Giuseppe: There are two areas where the current implementation is lacking. The first one is monitoring data: while new features have been adding up to replication, there is not enough effort made to cover the monitoring needs. The current way of monitoring replication is hard-wired around the original replication feature, and little has been done to give the users a deeper view of what is going on. With the latest releases at our disposal, we can run parallel replication using multiple masters, and yet we have very little visibility on what goes on inside the dozen of threads that the new features can unchain inside a single slave. It’s like driving a F1 racing car with the dashboard of a Ford model-T. MySQL 5.7 has moved a few steps in that direction, with the new replication tables in performance_schema, but it is still a drop in the ocean compared to what we need.
The second area where replication is still too much tied with its past is in heterogeneous replication. While relational databases are still dominating the front-end of the web economy, its back-end is largely being run by different structures, such as Hadoop, MongoDB, Cassandra. Moving data back and forth between the relational storage and its growing siblings has become an urgent need. There have been a few sparks of change in this direction, but nothing that can qualify as promising changes.
Tom: Which other session(s) are you most looking forward to besides your own?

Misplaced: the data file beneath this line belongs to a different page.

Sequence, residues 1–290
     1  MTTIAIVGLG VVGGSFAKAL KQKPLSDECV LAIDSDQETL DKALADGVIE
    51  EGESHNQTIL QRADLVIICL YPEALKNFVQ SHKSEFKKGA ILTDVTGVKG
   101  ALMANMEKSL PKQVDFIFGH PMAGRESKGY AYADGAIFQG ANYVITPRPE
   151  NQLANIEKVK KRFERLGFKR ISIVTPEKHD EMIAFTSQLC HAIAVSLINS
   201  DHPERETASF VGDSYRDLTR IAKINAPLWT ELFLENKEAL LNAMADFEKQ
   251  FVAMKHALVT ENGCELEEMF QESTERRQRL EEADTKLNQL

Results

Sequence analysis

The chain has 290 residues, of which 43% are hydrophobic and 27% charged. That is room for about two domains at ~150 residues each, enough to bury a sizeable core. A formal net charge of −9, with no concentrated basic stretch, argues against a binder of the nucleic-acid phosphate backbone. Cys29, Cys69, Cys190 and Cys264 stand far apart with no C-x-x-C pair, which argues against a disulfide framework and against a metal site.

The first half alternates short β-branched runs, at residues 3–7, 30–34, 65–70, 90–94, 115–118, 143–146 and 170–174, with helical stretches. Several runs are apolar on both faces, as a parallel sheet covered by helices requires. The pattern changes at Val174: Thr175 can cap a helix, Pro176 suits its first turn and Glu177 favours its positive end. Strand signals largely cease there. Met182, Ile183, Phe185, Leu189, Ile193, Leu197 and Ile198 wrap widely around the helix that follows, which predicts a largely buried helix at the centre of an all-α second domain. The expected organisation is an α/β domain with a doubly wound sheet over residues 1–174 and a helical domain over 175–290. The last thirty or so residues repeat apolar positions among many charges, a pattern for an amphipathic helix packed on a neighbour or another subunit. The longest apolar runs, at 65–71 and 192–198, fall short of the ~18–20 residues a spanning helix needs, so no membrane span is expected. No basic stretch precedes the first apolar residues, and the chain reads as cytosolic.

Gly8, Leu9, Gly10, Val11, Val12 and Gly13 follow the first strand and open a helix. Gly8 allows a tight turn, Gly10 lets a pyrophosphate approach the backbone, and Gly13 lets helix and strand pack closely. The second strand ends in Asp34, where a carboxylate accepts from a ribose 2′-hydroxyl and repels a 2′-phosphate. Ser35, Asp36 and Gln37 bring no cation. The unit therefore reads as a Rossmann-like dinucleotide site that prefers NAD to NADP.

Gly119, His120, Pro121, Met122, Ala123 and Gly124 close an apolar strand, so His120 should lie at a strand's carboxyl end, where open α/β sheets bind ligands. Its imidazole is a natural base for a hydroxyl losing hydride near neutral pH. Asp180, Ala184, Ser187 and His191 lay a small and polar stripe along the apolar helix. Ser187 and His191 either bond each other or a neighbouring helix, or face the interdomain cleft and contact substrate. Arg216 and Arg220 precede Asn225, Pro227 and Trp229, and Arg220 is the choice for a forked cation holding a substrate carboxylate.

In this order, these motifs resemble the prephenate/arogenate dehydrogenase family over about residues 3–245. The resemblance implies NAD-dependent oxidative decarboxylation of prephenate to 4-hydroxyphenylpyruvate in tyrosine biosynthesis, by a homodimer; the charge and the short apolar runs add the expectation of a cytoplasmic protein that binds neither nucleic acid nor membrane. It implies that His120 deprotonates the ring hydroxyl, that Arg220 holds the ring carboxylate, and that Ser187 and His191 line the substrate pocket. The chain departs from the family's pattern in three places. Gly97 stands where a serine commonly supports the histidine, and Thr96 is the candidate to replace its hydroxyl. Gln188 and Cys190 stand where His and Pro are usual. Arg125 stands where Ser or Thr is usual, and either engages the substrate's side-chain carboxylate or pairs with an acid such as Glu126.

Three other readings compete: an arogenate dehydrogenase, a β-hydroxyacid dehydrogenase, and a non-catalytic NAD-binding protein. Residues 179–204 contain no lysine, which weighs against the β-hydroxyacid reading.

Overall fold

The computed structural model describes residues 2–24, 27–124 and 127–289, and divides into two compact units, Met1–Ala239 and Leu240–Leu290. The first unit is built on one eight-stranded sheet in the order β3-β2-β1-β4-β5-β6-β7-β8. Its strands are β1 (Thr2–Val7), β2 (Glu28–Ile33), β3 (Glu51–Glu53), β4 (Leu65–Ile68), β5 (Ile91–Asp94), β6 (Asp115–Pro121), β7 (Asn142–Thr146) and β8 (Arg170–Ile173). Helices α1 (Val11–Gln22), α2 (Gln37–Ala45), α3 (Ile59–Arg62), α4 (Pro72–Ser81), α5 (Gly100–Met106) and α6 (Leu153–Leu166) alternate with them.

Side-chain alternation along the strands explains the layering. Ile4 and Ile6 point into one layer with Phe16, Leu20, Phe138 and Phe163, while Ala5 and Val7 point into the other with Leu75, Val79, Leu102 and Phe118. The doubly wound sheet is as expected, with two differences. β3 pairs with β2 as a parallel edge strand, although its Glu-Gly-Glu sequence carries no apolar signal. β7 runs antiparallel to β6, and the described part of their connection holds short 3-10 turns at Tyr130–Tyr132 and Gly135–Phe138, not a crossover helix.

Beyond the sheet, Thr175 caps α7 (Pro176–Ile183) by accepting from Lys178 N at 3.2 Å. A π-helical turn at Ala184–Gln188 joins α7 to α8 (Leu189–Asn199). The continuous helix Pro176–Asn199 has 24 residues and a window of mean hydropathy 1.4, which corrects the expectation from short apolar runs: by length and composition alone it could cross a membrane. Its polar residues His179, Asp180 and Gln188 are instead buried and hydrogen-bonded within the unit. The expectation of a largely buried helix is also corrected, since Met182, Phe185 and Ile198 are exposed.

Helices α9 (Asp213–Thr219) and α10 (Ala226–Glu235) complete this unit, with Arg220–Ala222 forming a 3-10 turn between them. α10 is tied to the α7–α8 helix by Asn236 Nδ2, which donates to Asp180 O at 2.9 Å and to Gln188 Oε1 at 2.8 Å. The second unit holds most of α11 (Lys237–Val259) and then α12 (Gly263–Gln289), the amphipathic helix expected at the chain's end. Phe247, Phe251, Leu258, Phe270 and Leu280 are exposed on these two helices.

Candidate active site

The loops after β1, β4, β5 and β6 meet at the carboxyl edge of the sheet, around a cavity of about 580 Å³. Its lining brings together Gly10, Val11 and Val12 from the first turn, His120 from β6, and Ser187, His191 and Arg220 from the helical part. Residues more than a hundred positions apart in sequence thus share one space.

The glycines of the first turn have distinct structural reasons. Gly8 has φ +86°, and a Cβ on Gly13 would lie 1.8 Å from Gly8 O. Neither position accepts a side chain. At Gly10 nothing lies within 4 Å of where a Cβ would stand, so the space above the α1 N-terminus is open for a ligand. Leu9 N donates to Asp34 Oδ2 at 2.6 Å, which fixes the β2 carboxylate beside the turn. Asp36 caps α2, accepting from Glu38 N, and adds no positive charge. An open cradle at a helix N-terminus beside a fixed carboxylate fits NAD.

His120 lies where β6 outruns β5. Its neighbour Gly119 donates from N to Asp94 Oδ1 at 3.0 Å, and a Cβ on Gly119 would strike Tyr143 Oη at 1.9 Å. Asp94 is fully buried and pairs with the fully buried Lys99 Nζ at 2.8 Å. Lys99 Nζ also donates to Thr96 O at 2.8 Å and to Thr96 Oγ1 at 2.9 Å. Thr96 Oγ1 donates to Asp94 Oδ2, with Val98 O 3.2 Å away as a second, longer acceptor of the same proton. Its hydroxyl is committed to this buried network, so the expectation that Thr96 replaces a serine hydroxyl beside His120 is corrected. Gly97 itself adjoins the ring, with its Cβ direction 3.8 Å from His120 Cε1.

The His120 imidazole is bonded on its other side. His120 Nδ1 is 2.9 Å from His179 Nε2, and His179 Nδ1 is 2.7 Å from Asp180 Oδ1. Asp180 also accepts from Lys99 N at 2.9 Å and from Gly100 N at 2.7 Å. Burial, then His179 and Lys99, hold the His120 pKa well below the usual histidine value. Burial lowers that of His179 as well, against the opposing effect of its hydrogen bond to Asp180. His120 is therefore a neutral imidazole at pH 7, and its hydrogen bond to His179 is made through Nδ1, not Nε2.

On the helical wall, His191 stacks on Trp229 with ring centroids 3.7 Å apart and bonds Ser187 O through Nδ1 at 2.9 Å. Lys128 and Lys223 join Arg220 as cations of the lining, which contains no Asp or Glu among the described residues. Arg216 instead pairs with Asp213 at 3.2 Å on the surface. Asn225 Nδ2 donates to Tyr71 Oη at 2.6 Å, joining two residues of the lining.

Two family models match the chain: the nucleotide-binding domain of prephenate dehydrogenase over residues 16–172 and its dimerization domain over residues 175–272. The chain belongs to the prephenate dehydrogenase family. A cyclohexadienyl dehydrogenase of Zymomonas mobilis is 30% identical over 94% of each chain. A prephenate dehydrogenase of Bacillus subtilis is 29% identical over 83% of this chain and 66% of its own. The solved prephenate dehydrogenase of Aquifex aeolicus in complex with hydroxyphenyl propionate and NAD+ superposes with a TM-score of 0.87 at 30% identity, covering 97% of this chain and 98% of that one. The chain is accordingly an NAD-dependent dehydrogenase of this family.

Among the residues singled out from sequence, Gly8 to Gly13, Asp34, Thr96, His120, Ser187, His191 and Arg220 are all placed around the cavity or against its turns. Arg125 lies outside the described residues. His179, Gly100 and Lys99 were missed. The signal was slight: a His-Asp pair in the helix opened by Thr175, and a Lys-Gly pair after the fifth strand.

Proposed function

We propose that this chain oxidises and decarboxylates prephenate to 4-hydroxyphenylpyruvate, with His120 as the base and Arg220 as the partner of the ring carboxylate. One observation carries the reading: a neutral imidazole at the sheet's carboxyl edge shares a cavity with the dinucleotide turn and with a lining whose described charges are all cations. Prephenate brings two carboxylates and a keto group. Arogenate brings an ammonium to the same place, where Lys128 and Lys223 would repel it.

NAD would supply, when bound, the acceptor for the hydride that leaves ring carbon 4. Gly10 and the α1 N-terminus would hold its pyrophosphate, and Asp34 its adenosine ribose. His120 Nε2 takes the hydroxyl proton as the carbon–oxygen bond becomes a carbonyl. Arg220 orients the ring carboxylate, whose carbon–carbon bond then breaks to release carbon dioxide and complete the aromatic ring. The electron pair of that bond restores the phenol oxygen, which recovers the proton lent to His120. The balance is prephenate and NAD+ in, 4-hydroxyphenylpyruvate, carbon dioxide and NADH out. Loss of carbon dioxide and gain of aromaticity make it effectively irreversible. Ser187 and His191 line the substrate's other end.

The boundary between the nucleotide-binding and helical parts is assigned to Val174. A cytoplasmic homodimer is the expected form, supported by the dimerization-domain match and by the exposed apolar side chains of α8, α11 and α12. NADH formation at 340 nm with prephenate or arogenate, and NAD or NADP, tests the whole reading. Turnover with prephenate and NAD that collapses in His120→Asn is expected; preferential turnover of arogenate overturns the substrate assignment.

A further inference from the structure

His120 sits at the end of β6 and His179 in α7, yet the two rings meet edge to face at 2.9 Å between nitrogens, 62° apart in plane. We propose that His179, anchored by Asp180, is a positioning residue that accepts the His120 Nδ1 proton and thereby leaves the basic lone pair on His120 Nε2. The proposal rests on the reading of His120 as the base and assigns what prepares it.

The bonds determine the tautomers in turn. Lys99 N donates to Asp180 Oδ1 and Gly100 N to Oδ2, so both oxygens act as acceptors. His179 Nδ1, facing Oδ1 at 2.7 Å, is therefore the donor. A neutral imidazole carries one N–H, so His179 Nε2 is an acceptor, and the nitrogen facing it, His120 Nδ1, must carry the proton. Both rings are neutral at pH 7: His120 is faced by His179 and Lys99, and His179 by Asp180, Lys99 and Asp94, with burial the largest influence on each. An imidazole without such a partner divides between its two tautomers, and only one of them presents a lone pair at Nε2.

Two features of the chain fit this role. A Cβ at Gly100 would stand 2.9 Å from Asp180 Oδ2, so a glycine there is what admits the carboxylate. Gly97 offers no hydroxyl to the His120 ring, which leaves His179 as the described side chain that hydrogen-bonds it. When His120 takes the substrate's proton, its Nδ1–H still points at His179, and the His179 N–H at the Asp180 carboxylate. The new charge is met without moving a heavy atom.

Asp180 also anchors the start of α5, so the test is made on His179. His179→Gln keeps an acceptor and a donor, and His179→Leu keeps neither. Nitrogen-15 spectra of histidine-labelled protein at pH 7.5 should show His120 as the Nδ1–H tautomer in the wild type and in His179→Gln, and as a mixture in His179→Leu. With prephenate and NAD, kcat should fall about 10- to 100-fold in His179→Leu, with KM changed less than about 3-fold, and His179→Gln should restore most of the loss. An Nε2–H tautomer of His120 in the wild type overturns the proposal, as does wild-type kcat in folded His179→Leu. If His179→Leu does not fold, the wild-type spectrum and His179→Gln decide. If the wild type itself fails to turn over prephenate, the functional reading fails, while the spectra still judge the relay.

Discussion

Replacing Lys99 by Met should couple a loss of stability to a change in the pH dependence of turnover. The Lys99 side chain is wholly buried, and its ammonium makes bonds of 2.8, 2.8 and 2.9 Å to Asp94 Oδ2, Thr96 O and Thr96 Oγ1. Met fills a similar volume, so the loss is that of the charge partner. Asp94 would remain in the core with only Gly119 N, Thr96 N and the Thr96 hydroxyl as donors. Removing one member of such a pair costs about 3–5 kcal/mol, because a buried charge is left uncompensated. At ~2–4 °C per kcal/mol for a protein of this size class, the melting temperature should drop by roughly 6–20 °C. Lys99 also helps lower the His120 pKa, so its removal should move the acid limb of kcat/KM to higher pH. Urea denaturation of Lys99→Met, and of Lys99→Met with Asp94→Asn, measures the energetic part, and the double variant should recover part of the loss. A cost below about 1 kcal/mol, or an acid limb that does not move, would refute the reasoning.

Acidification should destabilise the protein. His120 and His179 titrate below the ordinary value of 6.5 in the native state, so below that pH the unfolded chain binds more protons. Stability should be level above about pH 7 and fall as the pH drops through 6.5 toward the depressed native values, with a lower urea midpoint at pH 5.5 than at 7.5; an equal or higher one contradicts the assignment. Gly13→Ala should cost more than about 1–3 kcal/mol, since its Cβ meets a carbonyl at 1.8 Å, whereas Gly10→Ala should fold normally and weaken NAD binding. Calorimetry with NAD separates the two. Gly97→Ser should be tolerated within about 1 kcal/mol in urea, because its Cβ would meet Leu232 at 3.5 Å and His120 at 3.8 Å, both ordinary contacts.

Giuseppe: I am always interested in the sessions that explain and discuss new features. I am most interested in the talks by Oracle engineers, who have been piling up many features in the latest years, and I am sure they have something more up their sleeve that will appear at the conference. I also attend eagerly sessions about complementary tools, which are usually highly educational and often give me more ideas.

Want to read more on the topic? Visit Giuseppe’s blog:

 MySQL Replication Monitoring 101

The Percona Live Data Performance Conference is the premier event for the rich and diverse MySQL, NoSQL and data in the cloud ecosystems in Europe. It is the place to be for the open source community as well as businesses that thrive in the MySQL, NoSQL, cloud, big data and IoT (Internet of Things) marketplaces. Attendees include DBAs, sysadmins, developers, architects, CTOs, CEOs, and vendors from around the world.

This year’s conference will feature one day of tutorials and two days of keynote talks and breakout sessions related to MySQL, NoSQL and Data in the Cloud. Attendees will get briefed on the hottest topics, learn about building and maintaining high-performing deployments and hear from top industry leaders.

The Percona Live Europe Data Performance Conference will be September 21-23 at the Mövenpick Hotel Amsterdam City Centre.

Register using code “FeaturedTalk” and save 20 euros off of registration!

Hope to see you in Amsterdam!

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How much could you benefit from MySQL 5.6 parallel replication?

I have heard this question quite often: “At busy times, our replicas start lagging quite frequently. We are using N schemas, so which performance boost could we expect from MySQL 5.6 parallel replication?” Here is a quick way to give you a rough estimate of the potential benefit.

General idea

In MySQL 5.6, parallelism is added at the schema level. So in theory, if you have N schemas and if you use N parallel threads, replication could be up to N times faster. This assumes at least 2 things:

  • Replication throughput scales linearly with the number of parallel threads.
  • Writes are evenly distributed across schemas.

Both assumptions are of course not realistic. But it is easy to know the distribution of writes, and that can already give you an idea about how much you could benefit from parallel replication.